Two Men From Illinois

Men of Illinois portrait
Who is a 19th century frontiersman who rose from obscurity to hold a place in early Illinois politics and whose family home currently stands as a historic landmark? If you were to ask any average Illinois grade school child, you would most certainly receive the answer, Abraham Lincoln. Yet for those who live in and around Edwardsville, Illinois, the answer could equally be our very own Colonel Benjamin Stephenson (whose life and times are recounted in my book series: The Stephenson House Chronicles).

Uncanny you say? Coincidental? Quite possibly they are. Lincoln lore also indicates an uncanny and chilling comparison between the 16th President’s life and John F. Kennedy. But we found some equally uncanny similarities between these two Illinois men that perhaps offers insight into a state that nurtured not only the most famous and highly revered president in American history, but also an obscure statesman and original signer of the Illinois Constitution, whom Lincoln would have known and revered, even before he left his legacy and moniker on our state as “the Land of Lincoln”.

Perhaps it could be said that without Ben Stephenson there may not have been an Abraham Lincoln. It was in 1809 when Ben passed through Kentucky, while Lincoln was still a wee babe, and then crossed the Ohio River into a newly opened territory and laid the foundations for statehood. Years later, Lincoln’s family followed the same path, venturing further north to New Salem settlement, where he would have been very much aware of the “Stephenson” name and the man who laid the foundation for his future legacy.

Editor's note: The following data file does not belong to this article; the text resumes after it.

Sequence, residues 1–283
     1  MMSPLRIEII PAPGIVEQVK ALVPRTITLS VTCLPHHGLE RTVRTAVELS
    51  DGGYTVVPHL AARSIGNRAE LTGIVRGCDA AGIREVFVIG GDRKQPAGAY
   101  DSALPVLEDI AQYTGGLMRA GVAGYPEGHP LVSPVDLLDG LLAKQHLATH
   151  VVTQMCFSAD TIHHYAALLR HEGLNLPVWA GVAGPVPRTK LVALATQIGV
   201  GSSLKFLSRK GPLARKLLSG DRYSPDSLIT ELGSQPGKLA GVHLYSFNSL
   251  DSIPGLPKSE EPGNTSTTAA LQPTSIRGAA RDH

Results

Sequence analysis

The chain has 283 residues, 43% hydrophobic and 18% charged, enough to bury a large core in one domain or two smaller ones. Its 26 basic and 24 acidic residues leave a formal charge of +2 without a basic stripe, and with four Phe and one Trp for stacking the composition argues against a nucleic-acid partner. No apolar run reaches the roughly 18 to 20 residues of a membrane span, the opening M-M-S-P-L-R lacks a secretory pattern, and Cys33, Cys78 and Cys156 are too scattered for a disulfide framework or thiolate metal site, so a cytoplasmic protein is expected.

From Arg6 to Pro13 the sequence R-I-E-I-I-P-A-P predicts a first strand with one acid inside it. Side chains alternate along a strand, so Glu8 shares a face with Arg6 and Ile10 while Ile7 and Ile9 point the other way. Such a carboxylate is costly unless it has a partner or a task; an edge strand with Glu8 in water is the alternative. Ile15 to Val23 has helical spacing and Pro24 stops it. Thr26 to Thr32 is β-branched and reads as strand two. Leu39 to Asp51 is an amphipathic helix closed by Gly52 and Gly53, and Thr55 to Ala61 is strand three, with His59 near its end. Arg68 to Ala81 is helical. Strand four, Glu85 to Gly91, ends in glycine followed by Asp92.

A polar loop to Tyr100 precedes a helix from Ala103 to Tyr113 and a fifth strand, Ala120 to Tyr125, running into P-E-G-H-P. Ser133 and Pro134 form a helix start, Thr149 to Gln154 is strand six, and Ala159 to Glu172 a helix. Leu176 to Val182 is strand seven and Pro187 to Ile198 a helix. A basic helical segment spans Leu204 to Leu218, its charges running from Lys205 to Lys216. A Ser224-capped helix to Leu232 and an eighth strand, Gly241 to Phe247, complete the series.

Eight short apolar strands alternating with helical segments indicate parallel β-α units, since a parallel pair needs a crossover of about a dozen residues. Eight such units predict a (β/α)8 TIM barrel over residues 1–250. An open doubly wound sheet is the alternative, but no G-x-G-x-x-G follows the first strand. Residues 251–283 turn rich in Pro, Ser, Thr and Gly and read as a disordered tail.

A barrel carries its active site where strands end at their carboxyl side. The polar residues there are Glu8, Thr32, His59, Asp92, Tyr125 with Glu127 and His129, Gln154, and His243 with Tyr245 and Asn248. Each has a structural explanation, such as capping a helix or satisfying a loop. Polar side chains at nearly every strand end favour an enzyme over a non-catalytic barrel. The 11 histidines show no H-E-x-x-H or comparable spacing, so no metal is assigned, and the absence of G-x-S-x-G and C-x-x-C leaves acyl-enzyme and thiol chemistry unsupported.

In honor of Lincoln’s birthday, here are sixteen fun facts linking two famous men from Illinois:

1. Named after an Old Testament Biblical patriarch with three syllables shortened to a one syllable nickname
2. A self-educated, self-made man who ran a short-lived small business that went bankrupt
3. Lived in Kentucky before moving to Illinois
4. Served in an Illinois militia during wartime but probably never saw any action
5. Played a role in early Illinois politics as congressional representative
6. Known for his fine art of diplomacy and easy-going, persuasive manner
7. Married a daughter from a prominent slave holding family and fathered four children
8. Married under suspicious circumstances possibly as a matter of convenience
9. Associated with the Ninian Edwards family (first governor of Illinois)
10. Died in his fifties, suddenly and tragically at the height of his career
11. His death was lamented to the height of martyrdom during a tumultuous time
12. Left a young family behind and a widow who never remarried
13. Controversy and scandal followed his family in the wake of his death
14. Buried in Illinois but grave marker is not in original location
15. Namesake to state counties (Lincoln County, MO; Stephenson County, IL)
16. His stately family home still stands today as a historic landmark in Illinois

(Reprinted from The Volunteer, a newsletter publication of the 1820 Colonel Benjamin Stephenson House)

For further reading on the life and times of Benjamin Stephenson, check out these links below:

The Stephenson House Chronicles by D.L. Andersen

  1. Across Unstill Waters
  2. Ben’s Christmas Treasury
  3. Papa’s Portrait



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